According to the Samfund, in 2011 alone, cancer diagnoses affected 70,000 people ages 15 years to 39 years.5 Cancer is the most frequent cause of mortality in this population. Unfortunately, the survival rate among the young adults has not improved significantly over the past 20 years, even though survival rates for other age groups are increasing. This might be because research interest is lower regarding the young adult population, or because young adults do not often enroll in clinical trials.5

Young adult cancer patients are the least likely among all age groups to be insured, adding to their financial burden, and they are also the least likely to be employed. Among young adults ages 20 to 24 years the unemployment rate is 12.4%; among those 25 to 34 years, it is 7.4%. Compared with their siblings or peers who do not have a history of cancer, young adult cancer patients are less apt to be working. Continuing with school or work is difficult, and more than one-third said their disease had a negative impact on their long-term plans regarding education or career. As a result, these young adults experience financial problems that could result in poor access to the very thing they need the most: Health care.5


Very much like the cavalry in an old Western movie, this is where the Samfund comes in. In the past 11 years, the Samfund has awarded $1.35 million in grants. Among the many other resources it offers are a free webinar series, “Moving Forward With Your Financial Health,”which offers young adults the skills and guidance they need to move forward with their lives.

Both survivors and caregivers can access support in such areas as family building, financial issues, legal matters, undergraduate tuition assistance, and more. The Samfund offers a financial toolkit, and an archived series of webinars. The organization’s overhead costs are so low they can ensure that almost 95% of all funds raised go to programs for young adult survivors.4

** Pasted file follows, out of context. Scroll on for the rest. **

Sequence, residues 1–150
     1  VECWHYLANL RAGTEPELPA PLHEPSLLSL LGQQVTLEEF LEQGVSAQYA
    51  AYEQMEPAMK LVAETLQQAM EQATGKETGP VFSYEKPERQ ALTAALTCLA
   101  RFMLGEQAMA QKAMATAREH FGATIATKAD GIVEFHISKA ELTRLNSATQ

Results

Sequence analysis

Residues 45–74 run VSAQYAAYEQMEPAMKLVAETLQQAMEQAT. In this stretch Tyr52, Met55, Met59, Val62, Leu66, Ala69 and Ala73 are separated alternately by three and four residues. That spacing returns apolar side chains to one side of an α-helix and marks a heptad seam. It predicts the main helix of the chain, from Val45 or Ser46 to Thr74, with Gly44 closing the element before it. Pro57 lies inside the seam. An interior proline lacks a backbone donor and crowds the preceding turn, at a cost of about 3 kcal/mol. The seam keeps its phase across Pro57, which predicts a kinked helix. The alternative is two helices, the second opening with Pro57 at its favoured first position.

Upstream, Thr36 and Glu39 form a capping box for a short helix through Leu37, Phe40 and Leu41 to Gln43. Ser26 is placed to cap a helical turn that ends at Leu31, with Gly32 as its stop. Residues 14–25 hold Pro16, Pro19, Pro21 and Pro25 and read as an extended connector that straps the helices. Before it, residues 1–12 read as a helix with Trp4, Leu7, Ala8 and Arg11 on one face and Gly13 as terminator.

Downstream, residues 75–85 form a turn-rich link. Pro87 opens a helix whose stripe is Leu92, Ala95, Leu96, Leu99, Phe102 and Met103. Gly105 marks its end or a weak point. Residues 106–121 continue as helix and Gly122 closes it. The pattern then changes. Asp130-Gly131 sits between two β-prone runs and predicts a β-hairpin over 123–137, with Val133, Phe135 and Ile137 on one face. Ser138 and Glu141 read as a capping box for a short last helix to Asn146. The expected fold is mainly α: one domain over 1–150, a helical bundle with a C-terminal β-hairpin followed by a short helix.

Do you know someone in need who meets The Samfund eligibility requirements? Criteria for young adult cancer survivors include:

  • Age 21 years to 39 years at the time of application and
  • A resident of the United States.

Plus one of the following:

  • Has completed planned treatment with no evidence of disease,
  • Has stable disease at 1 year following the completion of planned therapy, or
  • On long-term hormonal therapy (such as tamoxifen) or on long-term targeted therapy (such as imatinib [Gleevec] or trastuzumab [Herceptin]).

In addition, candidates:

  • Can demonstrate they have financial need as a direct result of their cancer experience,
  • Have needs that are immediate, and
  • Lack resources/other sources of support.4

Nurses, navigators, and patients can find more information about The Samfund, including contact information, on its web site,


1. Zafar SY. Financial toxicity of cancer care: it’s time to intervene [published online ahead of print December 11, 2015]. J Natl Cancer Inst. 2015;108(5). doi:10.1093/jnci/djv370.

2. Ramsey S, Blough D, Kirchhoff A, et al. Washington State cancer patients found to be at  greater risk for bankruptcy than people without a cancer diagnosis. Health Aff (Millwood).2013;32(6):1143-1152. doi:10.1377/hlthaff.2012.1263.

3. Ramsey SD, Bansal A, Fedorenko CR, et al. Financial insolvency as a risk factor for early mortality among patients with cancer [published online ahead of print January 25, 2016]. J Clin Oncol. doi:10.1200/JCO.2015.64.6620.

4. the samfund. Accessed March 30, 2016.

5. Landwehr MS, Watson SE, Macpherson CF, Novak KA, Johnson RH. The cost of cancer: a retrospective analysis of the financial impact of cancer on young adults. Cancer Med. doi:10.1002/cam4.657.